But now the issue is being forced. The “two audience” strategy is going to be much more difficult (if impossible) to maintain. No matter how this particular lawsuit turns out, this matter is not going away. The apocalyptic moment is here.
How will evangelical colleges respond?
Great post. This lawsuit is big, but here’s what makes me wonder if it is really as big as it seems: I scoured the interwebs for any mention of it in the coverage of the Baylor men’s basketball victory. I found nothing. People who cared a lot about NCAA basketball did not seem to notice or care that Baylor had been accused of victimizing LGBTQ students. In my opinion, until public opinion cares as much about students’ rights as it does about sports, colleges such as Baylor and the rest will be allowed to maintain their precarious balance of conflicting values.
Thanks, Adam. And you may indeed be right — I wondered the same thing. But are more moderate institutions really comfortable being lumped together in the press with, say, Bob Jones and Cedarville? It’s a fascinating moment.
It will be much, much tougher for courts to find that the government’s interest in proscribing a perceived inequity against LGBQT overrides sincerely held religious belief given that there is zero support doctrinally for banning interracial dating but a strong, long tradition of consistency with regard to sincerely held religious belief regarding lgbqt issues. The courts are being asked to override core commitments here not a fringe perspective. It really will be a zero sum gain outcome.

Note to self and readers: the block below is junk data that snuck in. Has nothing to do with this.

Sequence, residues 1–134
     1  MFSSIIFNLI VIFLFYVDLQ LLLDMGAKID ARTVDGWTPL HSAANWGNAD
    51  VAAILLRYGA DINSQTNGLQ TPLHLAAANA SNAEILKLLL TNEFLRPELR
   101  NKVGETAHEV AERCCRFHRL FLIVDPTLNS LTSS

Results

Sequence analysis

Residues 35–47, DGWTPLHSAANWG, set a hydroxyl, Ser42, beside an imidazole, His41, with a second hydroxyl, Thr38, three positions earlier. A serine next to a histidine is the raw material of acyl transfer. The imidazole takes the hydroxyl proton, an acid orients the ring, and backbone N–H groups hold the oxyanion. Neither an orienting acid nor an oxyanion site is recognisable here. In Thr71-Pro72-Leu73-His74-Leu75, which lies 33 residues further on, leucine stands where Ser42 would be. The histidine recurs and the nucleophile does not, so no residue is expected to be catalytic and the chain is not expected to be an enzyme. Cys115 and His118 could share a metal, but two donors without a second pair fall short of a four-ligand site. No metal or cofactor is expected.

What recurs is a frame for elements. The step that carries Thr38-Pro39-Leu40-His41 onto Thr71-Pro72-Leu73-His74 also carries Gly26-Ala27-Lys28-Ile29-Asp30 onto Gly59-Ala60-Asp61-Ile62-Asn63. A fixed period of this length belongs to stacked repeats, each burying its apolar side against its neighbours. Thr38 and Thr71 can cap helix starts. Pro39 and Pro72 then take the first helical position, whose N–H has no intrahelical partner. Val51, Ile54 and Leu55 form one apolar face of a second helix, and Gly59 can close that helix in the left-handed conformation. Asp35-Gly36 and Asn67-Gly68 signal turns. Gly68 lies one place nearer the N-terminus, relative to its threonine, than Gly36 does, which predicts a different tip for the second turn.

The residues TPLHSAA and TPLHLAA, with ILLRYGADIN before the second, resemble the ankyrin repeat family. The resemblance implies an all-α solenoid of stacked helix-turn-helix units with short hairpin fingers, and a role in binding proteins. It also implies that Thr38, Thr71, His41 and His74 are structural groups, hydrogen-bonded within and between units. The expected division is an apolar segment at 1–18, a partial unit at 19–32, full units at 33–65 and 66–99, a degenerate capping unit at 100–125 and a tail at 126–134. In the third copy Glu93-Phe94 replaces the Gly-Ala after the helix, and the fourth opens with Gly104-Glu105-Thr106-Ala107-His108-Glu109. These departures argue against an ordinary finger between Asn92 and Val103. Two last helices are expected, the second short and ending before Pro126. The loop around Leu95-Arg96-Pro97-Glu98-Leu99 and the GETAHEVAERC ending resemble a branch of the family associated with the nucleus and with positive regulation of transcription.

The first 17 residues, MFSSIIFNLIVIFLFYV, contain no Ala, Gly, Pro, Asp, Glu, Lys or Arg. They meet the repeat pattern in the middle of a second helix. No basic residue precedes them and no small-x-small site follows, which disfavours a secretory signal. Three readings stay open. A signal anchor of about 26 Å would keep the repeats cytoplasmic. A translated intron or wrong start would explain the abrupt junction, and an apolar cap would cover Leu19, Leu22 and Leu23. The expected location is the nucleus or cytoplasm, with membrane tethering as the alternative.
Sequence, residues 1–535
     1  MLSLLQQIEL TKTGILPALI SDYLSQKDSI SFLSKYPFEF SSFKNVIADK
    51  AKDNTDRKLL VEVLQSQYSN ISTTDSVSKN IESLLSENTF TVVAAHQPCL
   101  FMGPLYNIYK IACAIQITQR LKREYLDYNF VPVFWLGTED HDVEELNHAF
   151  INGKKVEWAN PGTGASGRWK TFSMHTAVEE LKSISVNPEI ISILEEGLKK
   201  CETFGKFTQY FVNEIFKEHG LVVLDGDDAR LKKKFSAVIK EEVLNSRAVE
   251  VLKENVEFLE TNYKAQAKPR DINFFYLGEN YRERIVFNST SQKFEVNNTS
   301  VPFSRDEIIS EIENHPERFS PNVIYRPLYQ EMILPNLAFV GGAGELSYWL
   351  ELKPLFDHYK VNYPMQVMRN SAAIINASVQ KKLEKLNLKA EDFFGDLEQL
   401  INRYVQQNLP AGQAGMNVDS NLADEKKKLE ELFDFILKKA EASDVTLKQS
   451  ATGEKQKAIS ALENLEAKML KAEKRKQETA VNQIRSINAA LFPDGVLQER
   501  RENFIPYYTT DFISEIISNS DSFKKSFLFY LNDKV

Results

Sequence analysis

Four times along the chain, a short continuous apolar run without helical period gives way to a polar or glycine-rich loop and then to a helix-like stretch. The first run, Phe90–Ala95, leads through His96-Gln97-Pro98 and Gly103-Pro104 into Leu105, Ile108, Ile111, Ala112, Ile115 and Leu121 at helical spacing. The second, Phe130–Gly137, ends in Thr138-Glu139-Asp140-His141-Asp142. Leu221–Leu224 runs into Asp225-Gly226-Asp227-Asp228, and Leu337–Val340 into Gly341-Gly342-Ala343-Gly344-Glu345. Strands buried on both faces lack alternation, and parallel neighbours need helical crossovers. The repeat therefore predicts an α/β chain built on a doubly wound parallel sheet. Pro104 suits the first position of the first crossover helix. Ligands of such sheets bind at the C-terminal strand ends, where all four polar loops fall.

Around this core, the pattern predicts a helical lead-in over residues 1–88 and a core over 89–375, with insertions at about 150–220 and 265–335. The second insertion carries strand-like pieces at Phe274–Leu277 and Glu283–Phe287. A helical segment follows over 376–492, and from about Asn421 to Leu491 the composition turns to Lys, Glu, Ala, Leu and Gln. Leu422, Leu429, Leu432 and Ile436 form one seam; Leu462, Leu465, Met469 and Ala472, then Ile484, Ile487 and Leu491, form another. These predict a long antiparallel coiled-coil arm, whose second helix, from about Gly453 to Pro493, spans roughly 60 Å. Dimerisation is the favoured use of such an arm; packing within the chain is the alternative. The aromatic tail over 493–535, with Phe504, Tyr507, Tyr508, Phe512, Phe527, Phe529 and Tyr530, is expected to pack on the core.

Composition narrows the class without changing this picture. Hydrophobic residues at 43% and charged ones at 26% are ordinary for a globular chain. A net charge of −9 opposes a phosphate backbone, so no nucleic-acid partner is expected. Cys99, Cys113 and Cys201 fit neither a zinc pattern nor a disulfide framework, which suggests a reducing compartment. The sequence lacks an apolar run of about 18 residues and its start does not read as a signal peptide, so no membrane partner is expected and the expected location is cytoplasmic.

Thanks Chris for your comments. I make no prediction as to what the courts will do here. As regards bans on interracial dating being a fringe idea, it’s important to recall that it took the Supreme Court until 1967 (Loving v. Virginia) to make unconstitutional laws against interracial marriage. What was mainstream — and prohibitions on interracial relationships were mainstream, and were understood to be in keeping with biblical teaching — can become “fringe” in short order. Second, the “core commitments” re: LGBTQ issues are not the core commitments of many younger evangelicals (polling data makes this clear), which places real pressure on evangelical colleges and universities. That is why I say in the piece that, whatever the courts do here, this issue will not go away — and what I could have said is that the pressure is only going to become more intense. Thanks again!
You are spot on with the “two audiences strategy,” which a moderate can moderate in moderate times and even feel that s/he is offering a mediating service and “holding the center.” But when the choice becomes stark, and the center is not on offer by either constituent group, then the true colors must be flown. Well, we are here now … and in the context of massive enrollment crises at these moderate institutions (their two audiences are parting ways, and heading to other institutions of higher education). What will the Apocalypse reveal on this one about the true nature of moderate protestant Christian colleges/universities?
Well said, Anonymous. Thank you for your insights.